Just a quick entry to bring attention to a fun post on Invisible Oranges that also offers some food for thought on the lyrical nature of extreme music. Friday’s article on “Death Metal English” codifies several of the features common to death metal lyrics: at a basic level, it’s common for bands in this genre to employ verbosity in their choice of vocabulary, phrasing and grammar. Not all death metallers do so, of course, but enough of the foundational groups of the genre (Carcass, Nile and Morbid Angel are some of the bigger names identified) wrote lyrics in this self-consciously complex style that they ended up influencing a great number of musicians in the current movement to follow suit.
This isn’t automatically a bad thing, of course. Death metal is similar to most extreme music in that the lyrics are often an afterthought, or at least secondary to the complex musical backing. But it does take skill and dedication to craft words that honour the distinctive, not particularly naturalistic, style of your musical forebears, while still making room for your own flashes of individuality. Choosing to work within sometimes strict genre boundaries is not automatically less valid than eschewing all of those boundaries in the quest for originality. It’s not as though all examples of Death Metal English are po-faced attempts at profundity, either. The IO article has fun demonstrating how the most mundane of activities can be made metal by translating them into this lyrical style, and it’s a good bet that most writers working within this lyrical straightjacket have their tongues firmly in cheek. As long as the musicians and the audience are having fun, what’s the problem?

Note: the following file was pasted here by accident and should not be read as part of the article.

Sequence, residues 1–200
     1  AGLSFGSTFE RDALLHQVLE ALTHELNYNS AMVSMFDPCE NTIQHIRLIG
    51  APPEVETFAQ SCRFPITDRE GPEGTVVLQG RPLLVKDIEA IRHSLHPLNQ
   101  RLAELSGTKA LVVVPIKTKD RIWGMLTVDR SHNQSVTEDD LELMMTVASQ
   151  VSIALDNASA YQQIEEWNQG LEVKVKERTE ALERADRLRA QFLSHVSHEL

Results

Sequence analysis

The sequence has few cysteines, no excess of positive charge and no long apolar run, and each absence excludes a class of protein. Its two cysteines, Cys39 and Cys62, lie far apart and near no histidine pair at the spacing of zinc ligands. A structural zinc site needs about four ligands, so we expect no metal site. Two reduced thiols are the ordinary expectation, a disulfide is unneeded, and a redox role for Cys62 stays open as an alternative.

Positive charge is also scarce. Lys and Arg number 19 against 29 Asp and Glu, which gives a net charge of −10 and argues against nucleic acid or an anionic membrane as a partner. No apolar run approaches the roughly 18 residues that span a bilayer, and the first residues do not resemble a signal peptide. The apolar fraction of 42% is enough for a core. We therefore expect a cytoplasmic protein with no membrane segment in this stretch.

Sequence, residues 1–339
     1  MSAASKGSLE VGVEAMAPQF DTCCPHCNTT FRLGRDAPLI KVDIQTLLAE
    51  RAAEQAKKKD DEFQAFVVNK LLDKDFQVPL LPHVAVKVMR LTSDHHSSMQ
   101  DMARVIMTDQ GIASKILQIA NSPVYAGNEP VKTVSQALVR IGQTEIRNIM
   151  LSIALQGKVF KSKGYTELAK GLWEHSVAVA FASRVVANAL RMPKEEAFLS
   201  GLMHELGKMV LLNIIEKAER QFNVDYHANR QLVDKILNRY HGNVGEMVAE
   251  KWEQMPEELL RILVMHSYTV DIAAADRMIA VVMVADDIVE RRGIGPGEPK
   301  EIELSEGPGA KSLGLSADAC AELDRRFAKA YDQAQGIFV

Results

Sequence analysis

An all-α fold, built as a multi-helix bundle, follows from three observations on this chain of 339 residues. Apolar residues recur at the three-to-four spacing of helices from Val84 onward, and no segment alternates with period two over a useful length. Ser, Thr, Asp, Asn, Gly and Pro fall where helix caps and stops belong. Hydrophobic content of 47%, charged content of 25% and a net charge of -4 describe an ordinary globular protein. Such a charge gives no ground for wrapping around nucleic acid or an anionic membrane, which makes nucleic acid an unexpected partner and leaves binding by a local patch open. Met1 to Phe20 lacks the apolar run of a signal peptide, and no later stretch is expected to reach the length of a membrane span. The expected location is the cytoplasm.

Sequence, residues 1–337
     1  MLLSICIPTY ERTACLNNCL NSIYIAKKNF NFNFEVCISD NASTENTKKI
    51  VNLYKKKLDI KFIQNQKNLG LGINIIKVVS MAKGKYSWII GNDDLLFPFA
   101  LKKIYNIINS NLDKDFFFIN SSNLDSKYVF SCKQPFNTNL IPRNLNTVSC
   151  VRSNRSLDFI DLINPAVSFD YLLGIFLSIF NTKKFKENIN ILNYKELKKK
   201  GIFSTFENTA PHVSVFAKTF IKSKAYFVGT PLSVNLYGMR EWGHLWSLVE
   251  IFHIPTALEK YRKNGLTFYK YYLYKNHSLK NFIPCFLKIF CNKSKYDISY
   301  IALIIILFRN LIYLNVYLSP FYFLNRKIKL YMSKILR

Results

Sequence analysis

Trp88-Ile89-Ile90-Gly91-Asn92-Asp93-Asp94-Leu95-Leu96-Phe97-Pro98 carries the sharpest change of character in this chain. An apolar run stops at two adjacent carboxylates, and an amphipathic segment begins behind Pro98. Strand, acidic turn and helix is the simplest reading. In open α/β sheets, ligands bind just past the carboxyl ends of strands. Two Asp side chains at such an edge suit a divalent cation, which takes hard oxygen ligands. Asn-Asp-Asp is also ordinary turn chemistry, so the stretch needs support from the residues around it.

I do wonder, however, if the prevalence of this wordy, ponderous style restricts the music’s ability to handle topics outside of the standard Satanic and gore-soaked tropes. Obviously, although I’ve made it clear that I’d like to see more socially and politically conscious lyrics in extreme music, it’s not the case that any band has to sing about anything other than what it wants to. And attracting more mainstream attention by compromising on lyrical content would be anathema to most death metallers. As the IO article cheekily notes, “(w)riting lyrics that make grammatical and substantive sense is not sufficiently off-putting and obscurantist for some bands”; given that being alienating to the mainstream is a central part of the metal identity, it seems counter-intuitive to ask groups to reformulate their lyrics for easier digestion. All I would suggest is that, as fun as Death Metal English can be to work with, it would be a shame if musicians felt it was a genre feature they had no choice but to include, especially since a conscious choice to use more direct lyrics, or themes rooted more in real-life concerns, might help them to stand out from the pack.